Subdural Empyema

Updated: Oct 28, 2022
  • Author: Segun Toyin Dawodu, JD, MD, MS, MBA, LLM, FAAPMR, FAANEM; Chief Editor: Niranjan N Singh, MBBS, MD, DM, FAHS, FAANEM  more...
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Practice Essentials

Subdural empyema (ie, abscess) is an intracranial focal collection of purulent material located between the dura mater and the arachnoid mater. About 95% of subdural empyemas are located within the cranium; most involve the frontal lobe, and 5% involve the spinal neuraxis. This article focuses on the intracranial type.

Signs and symptoms

A patient with subdural empyema could present with any of the following symptoms:

  • Fever - Temperature above 38°C (100.5°F)

  • Headache - Initially focal and later generalized

  • Recent history (< 2 wk) of sinusitis, [1]  otitis media, mastoiditis, meningitis, cranial surgery or trauma, sinus surgery, or pulmonary infection

  • Confusion, drowsiness, stupor, or coma

  • Hemiparesis or hemiplegia

  • Seizure - Focal or generalized

  • Nausea or vomiting

  • Blurred vision (amblyopia)

  • Speech difficulty (dysphasia)

  • History of intracerebral abscess (recent or in the past)


Cranial MRI is now the imaging study of choice, being superior to cranial CT scan in outlining the extent of subdural empyema and demonstrating the convexity and interhemispheric collections.

MRI also shows greater morphological detail than CT scan.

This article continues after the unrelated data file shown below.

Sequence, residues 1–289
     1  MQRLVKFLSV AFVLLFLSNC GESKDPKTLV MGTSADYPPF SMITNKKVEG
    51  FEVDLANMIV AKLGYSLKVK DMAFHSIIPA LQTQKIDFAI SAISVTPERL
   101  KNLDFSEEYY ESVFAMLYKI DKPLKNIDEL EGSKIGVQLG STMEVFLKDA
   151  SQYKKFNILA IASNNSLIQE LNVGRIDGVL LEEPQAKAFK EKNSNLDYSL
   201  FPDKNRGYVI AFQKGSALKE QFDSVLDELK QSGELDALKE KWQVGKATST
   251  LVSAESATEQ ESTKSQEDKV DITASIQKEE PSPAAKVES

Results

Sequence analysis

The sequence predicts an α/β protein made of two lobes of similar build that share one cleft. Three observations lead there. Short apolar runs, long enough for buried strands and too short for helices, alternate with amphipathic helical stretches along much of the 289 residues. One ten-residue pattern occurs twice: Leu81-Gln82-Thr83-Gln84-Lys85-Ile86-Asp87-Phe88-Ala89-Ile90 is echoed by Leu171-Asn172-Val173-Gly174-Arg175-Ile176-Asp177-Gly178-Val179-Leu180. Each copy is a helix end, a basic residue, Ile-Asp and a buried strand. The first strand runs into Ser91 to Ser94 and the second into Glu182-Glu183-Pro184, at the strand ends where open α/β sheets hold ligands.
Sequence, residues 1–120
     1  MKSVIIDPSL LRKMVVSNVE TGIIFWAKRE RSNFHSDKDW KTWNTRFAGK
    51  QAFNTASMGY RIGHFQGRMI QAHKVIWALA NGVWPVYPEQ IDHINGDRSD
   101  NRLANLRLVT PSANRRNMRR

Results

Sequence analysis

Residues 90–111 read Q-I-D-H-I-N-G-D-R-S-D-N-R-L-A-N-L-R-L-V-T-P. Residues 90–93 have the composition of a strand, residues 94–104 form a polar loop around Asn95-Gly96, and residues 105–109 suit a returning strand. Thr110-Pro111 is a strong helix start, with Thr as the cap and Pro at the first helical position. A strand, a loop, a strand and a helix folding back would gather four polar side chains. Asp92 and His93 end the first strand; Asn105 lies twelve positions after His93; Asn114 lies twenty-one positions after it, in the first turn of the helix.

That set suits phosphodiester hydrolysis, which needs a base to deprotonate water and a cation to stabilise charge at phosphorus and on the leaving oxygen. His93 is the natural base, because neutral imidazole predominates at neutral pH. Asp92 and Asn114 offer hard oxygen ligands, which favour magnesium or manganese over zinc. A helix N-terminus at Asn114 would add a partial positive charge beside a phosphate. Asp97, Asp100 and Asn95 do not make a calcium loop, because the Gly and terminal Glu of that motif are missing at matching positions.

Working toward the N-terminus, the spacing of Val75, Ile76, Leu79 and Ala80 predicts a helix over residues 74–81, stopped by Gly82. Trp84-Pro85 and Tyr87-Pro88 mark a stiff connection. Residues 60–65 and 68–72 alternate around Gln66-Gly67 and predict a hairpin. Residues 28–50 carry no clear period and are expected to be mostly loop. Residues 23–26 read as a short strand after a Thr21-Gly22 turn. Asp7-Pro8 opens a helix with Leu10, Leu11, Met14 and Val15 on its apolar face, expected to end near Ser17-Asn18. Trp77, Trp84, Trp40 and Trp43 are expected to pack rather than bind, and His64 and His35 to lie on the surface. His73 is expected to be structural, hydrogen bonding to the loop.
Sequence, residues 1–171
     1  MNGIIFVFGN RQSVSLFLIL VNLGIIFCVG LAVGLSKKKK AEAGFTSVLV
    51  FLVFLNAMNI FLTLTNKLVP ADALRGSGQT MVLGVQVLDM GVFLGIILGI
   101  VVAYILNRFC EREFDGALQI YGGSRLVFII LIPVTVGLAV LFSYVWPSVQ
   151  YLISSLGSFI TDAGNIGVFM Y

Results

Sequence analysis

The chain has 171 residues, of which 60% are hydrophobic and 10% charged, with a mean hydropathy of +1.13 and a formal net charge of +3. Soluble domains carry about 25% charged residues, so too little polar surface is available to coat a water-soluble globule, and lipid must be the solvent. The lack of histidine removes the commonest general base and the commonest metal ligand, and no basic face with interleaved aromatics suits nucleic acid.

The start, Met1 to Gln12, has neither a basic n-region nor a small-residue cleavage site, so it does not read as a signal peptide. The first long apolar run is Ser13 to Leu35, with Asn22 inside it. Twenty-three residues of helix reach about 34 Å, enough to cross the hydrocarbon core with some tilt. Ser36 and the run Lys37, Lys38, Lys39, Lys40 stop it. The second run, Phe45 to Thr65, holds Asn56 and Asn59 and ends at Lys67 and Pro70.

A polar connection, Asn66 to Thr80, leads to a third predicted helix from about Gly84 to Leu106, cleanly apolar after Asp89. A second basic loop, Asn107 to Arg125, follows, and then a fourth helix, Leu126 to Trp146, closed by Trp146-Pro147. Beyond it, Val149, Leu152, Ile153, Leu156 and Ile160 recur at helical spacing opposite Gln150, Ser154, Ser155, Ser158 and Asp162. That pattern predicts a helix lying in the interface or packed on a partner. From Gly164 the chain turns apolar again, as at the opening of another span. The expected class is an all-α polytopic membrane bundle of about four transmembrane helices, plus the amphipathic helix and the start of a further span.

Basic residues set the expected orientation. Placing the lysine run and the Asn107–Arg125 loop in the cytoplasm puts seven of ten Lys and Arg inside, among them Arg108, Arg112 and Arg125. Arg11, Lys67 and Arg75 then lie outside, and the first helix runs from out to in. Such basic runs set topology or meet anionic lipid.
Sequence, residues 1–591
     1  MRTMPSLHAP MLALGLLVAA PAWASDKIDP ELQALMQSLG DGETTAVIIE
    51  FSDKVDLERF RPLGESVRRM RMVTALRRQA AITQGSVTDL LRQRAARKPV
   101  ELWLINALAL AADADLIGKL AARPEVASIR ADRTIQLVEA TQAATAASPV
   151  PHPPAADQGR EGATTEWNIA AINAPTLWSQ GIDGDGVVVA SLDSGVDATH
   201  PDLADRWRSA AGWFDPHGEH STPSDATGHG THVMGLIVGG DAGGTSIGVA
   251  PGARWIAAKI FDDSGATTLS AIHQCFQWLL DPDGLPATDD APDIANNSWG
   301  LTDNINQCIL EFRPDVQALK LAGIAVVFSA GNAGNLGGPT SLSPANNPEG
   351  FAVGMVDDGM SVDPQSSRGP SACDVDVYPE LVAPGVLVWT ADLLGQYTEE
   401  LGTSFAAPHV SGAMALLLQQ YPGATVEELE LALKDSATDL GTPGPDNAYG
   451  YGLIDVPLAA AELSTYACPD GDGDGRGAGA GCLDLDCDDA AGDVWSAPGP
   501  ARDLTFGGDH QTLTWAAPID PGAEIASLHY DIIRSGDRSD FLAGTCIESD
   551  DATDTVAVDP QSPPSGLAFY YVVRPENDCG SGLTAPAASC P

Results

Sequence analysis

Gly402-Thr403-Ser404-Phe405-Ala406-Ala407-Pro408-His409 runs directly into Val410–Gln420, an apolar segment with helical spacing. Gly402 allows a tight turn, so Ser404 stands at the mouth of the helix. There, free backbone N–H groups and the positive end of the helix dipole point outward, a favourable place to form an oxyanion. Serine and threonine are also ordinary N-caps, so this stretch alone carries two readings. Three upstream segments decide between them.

Antibiotic therapy [2] alone may be adequate for small subdural empyema (ie, < 1.5 cm diameter). Because of the aggressive nature of this disease, however, this option is not widely utilized. [3]

Immediate neurosurgical drainage [4] of the subdural empyema should be considered. The primary surgical option is craniotomy, which allows wide exposure, adequate exploration, and better evacuation of the purulent collection than other procedures. Stereotatic burr hole placement with drainage and irrigation is another option but is less desirable because of decreased exposure and possible incomplete evacuation of the purulent material. [5]



Subdural empyema (ie, abscess) is an intracranial focal collection of purulent material located between the dura mater and the arachnoid mater. About 95% of subdural empyemas are located within the cranium; most involve the frontal lobe, and 5% involve the spinal neuraxis. This article focuses on the intracranial type, which causes clinical problems through extrinsic compression of the brain by an inflammatory mass and inflammation of the brain and meninges. [6]